A former Hiawatha Academies educator has been charged by federal prosecutors with several counts related to sexually exploiting at least three children online.
In announcing the charges, U.S. Attorney Erica MacDonald said her office wants to crack down on online child exploitation crimes. Her office has seen a 38 percent increase in those types of cases since last year, she said.
"It's my ambition that this will go down," she said during a news conference Wednesday.
The man charged, Josiah Raul Mosqueda, 27, was a former Hiawatha paraprofessional who last worked at the school in June 2018, according to school spokeswoman Libby Stegger.
"We absolutely want to make sure our scholars are safe," Stegger said. "We are cooperating with law enforcement, and we want to assure our entire community that we're taking every available precaution."
In a criminal complaint unsealed Wednesday, Mosqueda is accused of communicating with students ages 13 to 17 over Facebook from July 2017 to November 2018. Eventually, he exchanged sexually explicit messages and pictures with them, the complaint says.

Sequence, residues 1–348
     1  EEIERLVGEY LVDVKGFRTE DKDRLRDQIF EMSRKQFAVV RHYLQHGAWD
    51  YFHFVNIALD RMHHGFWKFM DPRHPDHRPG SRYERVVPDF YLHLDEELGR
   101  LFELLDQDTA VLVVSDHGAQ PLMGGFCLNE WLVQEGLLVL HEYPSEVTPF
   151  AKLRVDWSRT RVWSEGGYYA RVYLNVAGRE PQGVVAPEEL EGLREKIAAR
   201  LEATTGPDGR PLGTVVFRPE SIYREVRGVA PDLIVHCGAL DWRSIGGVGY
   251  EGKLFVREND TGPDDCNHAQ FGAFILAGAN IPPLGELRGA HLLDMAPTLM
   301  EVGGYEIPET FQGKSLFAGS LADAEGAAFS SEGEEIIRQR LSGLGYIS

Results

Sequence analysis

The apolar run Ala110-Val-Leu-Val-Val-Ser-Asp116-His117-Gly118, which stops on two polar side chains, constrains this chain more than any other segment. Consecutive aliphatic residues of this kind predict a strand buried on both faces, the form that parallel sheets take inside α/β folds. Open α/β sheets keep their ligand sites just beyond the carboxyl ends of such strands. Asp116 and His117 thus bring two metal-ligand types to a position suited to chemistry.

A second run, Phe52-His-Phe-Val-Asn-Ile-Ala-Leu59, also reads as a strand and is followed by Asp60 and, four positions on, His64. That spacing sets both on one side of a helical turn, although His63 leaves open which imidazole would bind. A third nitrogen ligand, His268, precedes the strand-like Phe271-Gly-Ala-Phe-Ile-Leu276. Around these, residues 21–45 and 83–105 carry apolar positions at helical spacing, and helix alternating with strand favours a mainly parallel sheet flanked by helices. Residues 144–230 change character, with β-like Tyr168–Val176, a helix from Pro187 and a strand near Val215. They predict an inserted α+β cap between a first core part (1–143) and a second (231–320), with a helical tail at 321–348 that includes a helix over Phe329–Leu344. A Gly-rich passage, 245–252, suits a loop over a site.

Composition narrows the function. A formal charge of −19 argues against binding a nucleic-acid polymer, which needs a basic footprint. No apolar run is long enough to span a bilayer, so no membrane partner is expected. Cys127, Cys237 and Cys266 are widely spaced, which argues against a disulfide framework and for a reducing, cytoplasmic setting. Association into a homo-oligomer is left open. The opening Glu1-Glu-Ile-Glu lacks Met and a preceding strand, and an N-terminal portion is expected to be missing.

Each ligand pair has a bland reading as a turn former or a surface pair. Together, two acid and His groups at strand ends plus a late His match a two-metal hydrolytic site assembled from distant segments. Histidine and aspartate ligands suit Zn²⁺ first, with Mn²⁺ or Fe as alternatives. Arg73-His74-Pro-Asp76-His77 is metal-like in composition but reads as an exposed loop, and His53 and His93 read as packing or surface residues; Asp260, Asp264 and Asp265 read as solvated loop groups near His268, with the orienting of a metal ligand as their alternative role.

After sending photos to one teen in November, he wrote, "I mean if I show you you literally can't show anyone. I would go to jail and never be able to teach or work in the school," according to the complaint.
Mosqueda faces four counts of coercion and enticement of a minor, one count of receiving child pornography, one for transferring obscene material to a minor, and one count each of producing and distributing child pornography. He was ordered to remain in custody pending a formal detention hearing Monday.
Drew Evans, the superintendent of the Bureau of Criminal Apprehension (BCA), said that his agency is looking for other potential victims.
On his LinkedIn account, Mosqueda said that he is a St. Olaf College graduate, a former head soccer coach with Minneapolis Public Schools, and former fellow with the AmeriCorps.
MacDonald said her office is starting a public awareness campaign on preventing child exploitation, starting with a Bloomington event in May. She also urged parents to be vigilant and monitor who their children are communicating with online. If parents suspect anything suspicious, they should report it to the BCA, she said.
She pointed to two other recent cases to show the harm of online child exploitation. Last month, her office charged a Fairmont, Minn., man after he was accused of threatening to kidnap a child and her parents if she did not provide him with sexually explicit images.
In 2017, a former Bemidji assistant principal pleaded guilty to producing and distributing child porn in a case that involved more than 50 minor victims.